Early threats were associated with email. We quickly came to understand that the goal of the virus was focused on shutting down a network.  Many were initiated to gain attention and to demand credibility. The threats weren’t anywhere near as sophisticated as they are today and they weren’t focused on monetary gain.

Access to Porn

The other challenge for businesses in early 2000 was managing the access to and viewing of porn from the office computer. Employees saw business networks as cheaper to use and faster options for indulging their appetite for the growing availability of porn.

We would visit client businesses and advise them on developing and implementing acceptable user policy for Internet use. And on the email side it was all about reducing the level of spam that was actually coming into their organization.

The Evolution of Threats - Then vs. Now

Fast forward to today, these issues are all being handled effectively. We've developed maturity across the business landscape around what is acceptable from both an Internet perspective and a user perspective when you're at work. At the same time, there has been the additional translation of those policies for dealing with all things social media.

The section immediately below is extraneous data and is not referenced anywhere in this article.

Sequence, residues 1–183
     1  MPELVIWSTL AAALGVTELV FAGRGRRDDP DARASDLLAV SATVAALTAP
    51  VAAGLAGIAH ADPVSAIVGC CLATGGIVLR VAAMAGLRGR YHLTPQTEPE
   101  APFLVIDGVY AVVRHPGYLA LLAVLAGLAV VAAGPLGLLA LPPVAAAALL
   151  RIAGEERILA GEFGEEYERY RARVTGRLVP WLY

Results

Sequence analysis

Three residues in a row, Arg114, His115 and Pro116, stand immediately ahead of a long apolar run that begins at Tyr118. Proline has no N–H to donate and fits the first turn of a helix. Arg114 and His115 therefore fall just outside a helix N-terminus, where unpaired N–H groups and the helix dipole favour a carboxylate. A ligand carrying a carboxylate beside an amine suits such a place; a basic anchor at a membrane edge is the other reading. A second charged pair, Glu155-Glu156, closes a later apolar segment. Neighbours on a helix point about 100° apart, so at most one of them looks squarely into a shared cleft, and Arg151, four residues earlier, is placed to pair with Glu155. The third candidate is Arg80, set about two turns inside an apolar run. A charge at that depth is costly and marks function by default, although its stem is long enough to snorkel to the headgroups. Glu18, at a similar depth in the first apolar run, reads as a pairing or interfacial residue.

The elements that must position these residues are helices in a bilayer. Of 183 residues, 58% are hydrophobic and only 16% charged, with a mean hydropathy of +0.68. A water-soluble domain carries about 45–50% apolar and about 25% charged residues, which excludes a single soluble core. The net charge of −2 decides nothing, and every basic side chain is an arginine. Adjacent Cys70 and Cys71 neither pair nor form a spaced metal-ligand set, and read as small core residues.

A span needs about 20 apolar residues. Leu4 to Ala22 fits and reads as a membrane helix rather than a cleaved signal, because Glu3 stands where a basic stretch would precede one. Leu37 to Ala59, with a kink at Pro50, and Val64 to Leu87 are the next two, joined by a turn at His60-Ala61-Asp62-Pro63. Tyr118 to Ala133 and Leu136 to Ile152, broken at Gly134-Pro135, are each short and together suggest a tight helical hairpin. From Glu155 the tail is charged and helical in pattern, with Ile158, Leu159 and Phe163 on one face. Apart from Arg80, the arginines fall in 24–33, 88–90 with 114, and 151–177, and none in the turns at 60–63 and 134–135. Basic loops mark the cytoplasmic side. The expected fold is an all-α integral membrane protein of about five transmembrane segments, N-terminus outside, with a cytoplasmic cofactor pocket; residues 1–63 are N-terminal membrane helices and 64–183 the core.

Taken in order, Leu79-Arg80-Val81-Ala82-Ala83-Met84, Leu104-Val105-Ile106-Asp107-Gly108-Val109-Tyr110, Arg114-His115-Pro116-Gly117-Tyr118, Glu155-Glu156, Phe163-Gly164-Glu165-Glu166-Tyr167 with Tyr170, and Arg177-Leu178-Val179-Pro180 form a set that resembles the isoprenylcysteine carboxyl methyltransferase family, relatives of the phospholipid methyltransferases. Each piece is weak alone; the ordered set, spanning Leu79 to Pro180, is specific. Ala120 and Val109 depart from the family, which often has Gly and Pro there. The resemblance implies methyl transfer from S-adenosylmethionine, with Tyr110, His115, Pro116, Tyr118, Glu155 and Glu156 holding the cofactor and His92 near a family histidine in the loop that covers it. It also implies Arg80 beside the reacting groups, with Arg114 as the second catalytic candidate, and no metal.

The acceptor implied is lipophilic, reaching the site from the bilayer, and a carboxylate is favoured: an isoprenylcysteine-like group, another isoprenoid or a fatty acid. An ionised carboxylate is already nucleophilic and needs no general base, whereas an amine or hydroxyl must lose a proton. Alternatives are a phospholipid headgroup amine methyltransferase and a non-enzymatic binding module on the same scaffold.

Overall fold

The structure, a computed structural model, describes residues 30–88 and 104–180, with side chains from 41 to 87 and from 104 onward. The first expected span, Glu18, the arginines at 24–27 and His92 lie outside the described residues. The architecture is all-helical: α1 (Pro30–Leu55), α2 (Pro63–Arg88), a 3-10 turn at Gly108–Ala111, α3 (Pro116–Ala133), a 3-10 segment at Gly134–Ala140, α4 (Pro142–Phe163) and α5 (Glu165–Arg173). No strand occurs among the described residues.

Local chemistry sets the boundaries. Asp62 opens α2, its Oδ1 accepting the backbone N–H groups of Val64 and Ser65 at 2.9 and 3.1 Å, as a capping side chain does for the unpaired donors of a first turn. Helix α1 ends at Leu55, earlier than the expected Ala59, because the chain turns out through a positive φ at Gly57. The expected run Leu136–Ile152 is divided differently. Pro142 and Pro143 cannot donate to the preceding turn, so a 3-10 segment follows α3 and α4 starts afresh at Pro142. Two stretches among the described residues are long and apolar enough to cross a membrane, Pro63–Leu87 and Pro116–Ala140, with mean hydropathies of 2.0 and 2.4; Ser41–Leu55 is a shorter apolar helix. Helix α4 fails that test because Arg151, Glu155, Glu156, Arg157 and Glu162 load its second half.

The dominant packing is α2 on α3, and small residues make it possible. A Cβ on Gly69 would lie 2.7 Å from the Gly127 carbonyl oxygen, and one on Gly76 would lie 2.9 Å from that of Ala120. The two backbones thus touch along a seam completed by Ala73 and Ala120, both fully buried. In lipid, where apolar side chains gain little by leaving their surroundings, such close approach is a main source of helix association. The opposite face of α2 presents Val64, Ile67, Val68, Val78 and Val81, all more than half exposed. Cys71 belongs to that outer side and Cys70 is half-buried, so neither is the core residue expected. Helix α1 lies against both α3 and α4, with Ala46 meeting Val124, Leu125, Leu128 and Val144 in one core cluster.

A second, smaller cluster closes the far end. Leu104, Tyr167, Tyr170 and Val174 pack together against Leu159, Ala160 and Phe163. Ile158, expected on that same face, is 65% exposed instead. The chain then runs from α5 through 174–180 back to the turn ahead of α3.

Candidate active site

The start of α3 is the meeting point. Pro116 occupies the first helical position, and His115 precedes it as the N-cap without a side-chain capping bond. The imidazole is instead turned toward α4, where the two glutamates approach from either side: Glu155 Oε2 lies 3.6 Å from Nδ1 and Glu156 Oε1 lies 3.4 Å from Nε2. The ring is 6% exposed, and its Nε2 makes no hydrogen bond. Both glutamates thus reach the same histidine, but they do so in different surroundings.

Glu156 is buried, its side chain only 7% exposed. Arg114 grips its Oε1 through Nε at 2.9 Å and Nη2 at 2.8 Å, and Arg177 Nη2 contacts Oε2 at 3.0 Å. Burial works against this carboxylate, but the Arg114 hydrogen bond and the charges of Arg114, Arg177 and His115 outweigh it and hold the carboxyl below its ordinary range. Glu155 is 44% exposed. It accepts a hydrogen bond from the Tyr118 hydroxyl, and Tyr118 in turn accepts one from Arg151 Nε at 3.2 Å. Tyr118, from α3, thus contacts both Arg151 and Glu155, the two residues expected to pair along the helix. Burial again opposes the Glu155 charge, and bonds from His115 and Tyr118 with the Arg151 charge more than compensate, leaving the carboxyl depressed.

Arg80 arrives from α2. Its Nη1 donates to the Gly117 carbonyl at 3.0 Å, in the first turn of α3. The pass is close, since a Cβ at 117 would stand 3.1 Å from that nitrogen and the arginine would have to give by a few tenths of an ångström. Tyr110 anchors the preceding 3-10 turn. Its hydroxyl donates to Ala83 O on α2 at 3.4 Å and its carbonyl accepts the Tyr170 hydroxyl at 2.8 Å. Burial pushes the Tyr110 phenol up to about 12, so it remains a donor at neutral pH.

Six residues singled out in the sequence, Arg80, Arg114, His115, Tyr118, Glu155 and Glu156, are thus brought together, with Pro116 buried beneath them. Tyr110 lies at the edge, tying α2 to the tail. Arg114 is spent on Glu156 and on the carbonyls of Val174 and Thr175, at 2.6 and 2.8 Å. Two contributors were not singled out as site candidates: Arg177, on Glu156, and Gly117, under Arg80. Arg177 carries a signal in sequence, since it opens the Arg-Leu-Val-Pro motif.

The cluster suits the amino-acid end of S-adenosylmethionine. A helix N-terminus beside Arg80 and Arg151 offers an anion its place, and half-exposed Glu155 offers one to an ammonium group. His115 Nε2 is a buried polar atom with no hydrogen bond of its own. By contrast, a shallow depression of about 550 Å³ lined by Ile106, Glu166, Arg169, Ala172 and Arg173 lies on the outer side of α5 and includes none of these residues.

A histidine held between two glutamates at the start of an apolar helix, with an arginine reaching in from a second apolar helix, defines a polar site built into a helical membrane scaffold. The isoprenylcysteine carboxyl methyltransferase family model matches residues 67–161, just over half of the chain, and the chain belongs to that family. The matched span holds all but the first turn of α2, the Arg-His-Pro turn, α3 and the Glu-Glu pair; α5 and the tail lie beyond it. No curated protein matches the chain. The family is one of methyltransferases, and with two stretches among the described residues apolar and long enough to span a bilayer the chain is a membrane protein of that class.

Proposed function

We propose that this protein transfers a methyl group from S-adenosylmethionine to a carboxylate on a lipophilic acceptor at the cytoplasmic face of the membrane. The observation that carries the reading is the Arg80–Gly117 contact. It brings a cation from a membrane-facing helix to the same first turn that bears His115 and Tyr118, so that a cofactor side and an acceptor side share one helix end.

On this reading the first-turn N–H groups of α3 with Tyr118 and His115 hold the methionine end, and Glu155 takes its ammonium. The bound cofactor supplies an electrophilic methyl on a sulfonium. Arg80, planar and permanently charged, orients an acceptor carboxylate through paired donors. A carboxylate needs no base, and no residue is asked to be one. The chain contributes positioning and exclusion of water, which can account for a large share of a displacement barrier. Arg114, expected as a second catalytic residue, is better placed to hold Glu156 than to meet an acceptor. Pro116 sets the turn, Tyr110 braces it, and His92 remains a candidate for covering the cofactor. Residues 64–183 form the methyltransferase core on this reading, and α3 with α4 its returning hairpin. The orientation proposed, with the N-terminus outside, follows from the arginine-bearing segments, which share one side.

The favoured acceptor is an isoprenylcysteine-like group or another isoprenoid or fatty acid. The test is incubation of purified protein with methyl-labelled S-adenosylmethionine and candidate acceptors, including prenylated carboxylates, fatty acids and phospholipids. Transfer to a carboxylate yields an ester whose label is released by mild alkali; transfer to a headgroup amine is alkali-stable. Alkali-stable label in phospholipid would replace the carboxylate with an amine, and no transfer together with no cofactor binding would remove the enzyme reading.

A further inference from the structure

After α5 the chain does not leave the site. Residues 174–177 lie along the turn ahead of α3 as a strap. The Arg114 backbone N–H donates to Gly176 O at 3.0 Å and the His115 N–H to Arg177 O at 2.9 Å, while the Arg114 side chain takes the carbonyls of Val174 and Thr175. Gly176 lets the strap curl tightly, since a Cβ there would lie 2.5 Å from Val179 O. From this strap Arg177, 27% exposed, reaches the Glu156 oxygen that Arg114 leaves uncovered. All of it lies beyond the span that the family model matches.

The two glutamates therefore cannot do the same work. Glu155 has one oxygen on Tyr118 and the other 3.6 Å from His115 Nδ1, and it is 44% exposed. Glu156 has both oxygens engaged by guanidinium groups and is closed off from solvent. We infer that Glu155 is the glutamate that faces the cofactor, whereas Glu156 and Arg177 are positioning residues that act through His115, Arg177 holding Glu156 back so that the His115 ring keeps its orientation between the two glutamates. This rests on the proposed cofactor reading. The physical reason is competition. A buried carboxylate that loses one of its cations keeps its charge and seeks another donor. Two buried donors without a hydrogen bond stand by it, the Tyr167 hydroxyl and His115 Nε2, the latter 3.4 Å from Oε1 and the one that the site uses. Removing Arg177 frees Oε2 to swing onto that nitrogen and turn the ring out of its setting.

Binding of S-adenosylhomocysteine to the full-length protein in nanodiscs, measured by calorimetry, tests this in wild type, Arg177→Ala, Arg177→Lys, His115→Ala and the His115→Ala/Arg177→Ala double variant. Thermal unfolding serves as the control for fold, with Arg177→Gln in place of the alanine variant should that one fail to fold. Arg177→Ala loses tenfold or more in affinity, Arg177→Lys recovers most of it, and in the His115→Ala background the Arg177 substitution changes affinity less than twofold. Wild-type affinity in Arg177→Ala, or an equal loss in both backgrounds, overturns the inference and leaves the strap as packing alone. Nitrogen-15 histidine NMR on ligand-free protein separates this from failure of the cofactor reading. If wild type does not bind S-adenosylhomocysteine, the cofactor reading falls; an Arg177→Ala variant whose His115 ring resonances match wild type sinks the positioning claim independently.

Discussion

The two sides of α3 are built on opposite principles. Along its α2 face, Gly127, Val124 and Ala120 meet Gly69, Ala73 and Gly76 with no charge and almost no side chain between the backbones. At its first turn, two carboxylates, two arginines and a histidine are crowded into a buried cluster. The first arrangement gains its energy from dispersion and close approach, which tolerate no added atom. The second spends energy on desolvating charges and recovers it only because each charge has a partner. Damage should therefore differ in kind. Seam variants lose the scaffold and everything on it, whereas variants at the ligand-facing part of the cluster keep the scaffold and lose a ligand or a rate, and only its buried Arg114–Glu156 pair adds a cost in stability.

However, the threat for businesses today continues to grow because all our devices and platforms are becoming more and more interconnected, which means there is a growing number of connections back into your network. This translates to an increased number of opportunities for cyber criminals to gain access to a business.

The Growing Maturity and Sophistication of Cyber Criminals

Cyber criminals are more mature and more sophisticated than ever before.